- Category: Mathematics

The equation P (x,y) dx + Q (x,y) dy=0 is an exact differential equation if there exists a function f of two variables x and y having continuous partial derivatives such that the exact differential equation definition is separated as follows

u_{x}(x,y) = p(x,y) and u_{y }(x,y) = Q(x,y);

Therefore, the general solution of the equation is u(x,y) = C.

Where C is an arbitrary constant.

Assume the functions P(x,y) and Q(x,y) having the continuous partial derivatives in a particular domain D, the differential equation is an exact differential equation if and only if it satisfies the condition

\(\frac{\partial Q}{\partial x}=\frac{\partial P}{\partial y}\)

If the differential equation P (x,y) dx + Q (x,y) dy = 0 is not exact, it is possible to make it exact by multiplying using an appropriate factor u(x,y) which is known as integrating factor for the given differential equation.

Consider an example,

2ydx + x dy = 0

Now check it whether the given differential equation is exact using testing for exactness.

The given differential equation is not exact.

In order to convert it into the exact differential equation, multiply by the integrating factor u(x,y)= x, the differential equation becomes,

2 xy dx + x^{2} dy = 0

The above resultant equation is exact differential equation because the left side of the equation is a total differential of x^{2}y.

Sometimes it is difficult to find the integrating factor. But, there are two classes of differential equation whose integrating factor may be found easily. Those equations have the integrating factor having the functions of either x alone or y alone.

When you consider the differential equation P (x,y) dx + Q (x,y) dy=0, the two cases involved are:

**Case 1: **If \(\frac{1}{Q (x,y)}[P_{y}(x,y)-Q_{x}(x,y)]= h(x)\), which is a function of x alone, then \(e^{\int h(x)dx}\) is an integrating factor

**Case 2: **If \(\frac{1}{P(x,y)}[Q_{x}(x,y)-P_{y}(x,y)]= k(y)\), which is a function of y alone, then\(e^{\int k(y)dy}\) is an integrating factor

Step 1 : The first step to solve exact differential equation is that to make sure with the given differential equation is exact using testing for exactness.

\(\frac{\partial Q}{\partial x}=\frac{\partial P}{\partial y}\)

Step 2 : Write the system of two differential equations that defines the function u(x,y). That is

\(\frac{\partial u}{\partial x}=P(x,y)\) \(\frac{\partial u}{\partial y}=Q(x,y)\)

Step 3 : Integrating the first equation over the variable x , we get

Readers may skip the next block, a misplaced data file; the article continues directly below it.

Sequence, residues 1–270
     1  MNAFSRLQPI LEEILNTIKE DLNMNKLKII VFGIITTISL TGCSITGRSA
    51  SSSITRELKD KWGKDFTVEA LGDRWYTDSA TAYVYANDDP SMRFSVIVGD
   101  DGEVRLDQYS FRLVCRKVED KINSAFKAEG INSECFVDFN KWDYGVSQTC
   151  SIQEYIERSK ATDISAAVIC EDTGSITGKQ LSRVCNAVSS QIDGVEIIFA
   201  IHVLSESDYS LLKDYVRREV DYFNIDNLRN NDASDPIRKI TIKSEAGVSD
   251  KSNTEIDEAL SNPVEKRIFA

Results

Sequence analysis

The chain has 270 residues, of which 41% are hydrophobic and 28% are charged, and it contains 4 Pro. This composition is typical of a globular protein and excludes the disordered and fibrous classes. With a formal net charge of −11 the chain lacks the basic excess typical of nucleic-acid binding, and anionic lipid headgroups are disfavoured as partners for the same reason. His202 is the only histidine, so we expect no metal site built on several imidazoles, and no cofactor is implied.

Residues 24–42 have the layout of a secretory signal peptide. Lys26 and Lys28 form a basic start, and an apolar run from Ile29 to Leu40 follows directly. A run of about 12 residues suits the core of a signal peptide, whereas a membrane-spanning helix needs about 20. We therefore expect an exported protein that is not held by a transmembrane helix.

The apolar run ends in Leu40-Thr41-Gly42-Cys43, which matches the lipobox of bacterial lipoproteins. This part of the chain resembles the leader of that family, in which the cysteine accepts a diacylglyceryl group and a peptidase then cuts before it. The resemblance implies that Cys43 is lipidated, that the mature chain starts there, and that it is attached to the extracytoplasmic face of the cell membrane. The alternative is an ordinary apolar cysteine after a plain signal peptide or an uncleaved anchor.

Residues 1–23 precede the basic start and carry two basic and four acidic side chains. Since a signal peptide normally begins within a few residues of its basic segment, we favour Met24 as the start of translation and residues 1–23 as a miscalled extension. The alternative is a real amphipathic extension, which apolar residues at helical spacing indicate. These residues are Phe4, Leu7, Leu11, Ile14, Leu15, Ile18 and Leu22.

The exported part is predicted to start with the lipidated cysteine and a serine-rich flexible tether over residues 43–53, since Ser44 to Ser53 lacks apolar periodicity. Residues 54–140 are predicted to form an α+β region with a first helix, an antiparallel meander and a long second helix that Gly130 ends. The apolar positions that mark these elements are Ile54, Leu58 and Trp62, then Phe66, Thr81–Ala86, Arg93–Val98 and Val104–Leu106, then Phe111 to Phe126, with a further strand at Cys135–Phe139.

\(u(x,y)= \int P(x,y)dx + \varphi (y)\)

Instead of an arbitrary constant C, write an unknown function of y.

Step 4 : Differentiating with respect to y, substitute the function u(x,y) in the second equation

\(\frac{\partial u}{\partial y}= \frac{\partial }{\partial y}\left \lfloor \int P(x,y)dx+\varphi (y) \right \rfloor=Q(x,y)\)

From the above expression we get the derivative of the unknown function \(\varphi (y)\) and it is given by

\(\varphi (y)=Q(x,y)-\frac{\partial }{\partial y}\left ( \int P(x,y)dx \right )\)

Step 5 : We can find the function \(\varphi (y)\) by integrating the last expression ,so that the function u(x,y) becomes

\(u(x,y)=\int P(x,y)dx+\varphi (y)\)

Step 6 : Finally, the general solution of the exact differential equation is given by

u (x,y) = C.

Some of the examples of the exact differential equations are as follows :

- ( 2xy – 3x
^{2 }) dx + ( x^{2 }– 2y ) dy = 0 - ( xy
^{2 }+ x ) dx + yx^{2}dy = 0 - Cos y dx + ( y
^{2}– x sin y ) dy = 0 - ( 6x
^{2}– y +3 ) dx + (3y^{2}-x – 2) dy =0 - e
^{y}dx + ( 2y + xe^{y }) dy = 0

Some of the questions and solutions of the exact differential equations are as follows :

**Question**: Find the solution for the differential equation ( 2xy – sin x ) dx + ( x^{2} – cos y) dy = 0

Given, ( 2xy – sin x ) dx + ( x^{2} – cos y) dy = 0

First check this equation for exactness,

\(\frac{\partial Q}{\partial x}=\frac{\partial }{\partial x}(x^{2}-\cos y)=2x\) \(\frac{\partial P}{\partial y}=\frac{\partial }{\partial y}(2xy-\sin x)=2x\)

The equation is exact because it satisfies the condition

\(\frac{\partial Q}{\partial x}=\frac{\partial P}{\partial y}\)

From the system of two equations, find the functions u ( x, y )

\(\frac{\partial u}{\partial x}=2xy-\sin x\) ….(1) \(\frac{\partial u}{\partial y}=x^{2}-\cos y\) ….(2)

By integrating the first equation with respect to the variable x, we get

\(u(x,y)= \int (2xy-\sin x)dx=x^{2}+\cos x+\varphi (y)\)

Substituting the above equation in equation (2) , it becomes

\(\frac{\partial u}{\partial y}=\frac{\partial }{\partial y}[x^{2}y+\cos x+\varphi (y)]=x^{2}-\cos y\) \(\Rightarrow ^{2}+\varphi (y)=x^{2}-cos y\)

We get, \(\Rightarrow \varphi (y)=-cos y\)

Hence, \(\varphi (y)=\int (-\cos y)dy=-\sin y\)

So the function u ( x , y ) becomes

u ( x , y ) = x^{2}y + cos x – sin y

Therefore the general solution for the given differential equation is

x^{2}y + cos x – sin y = C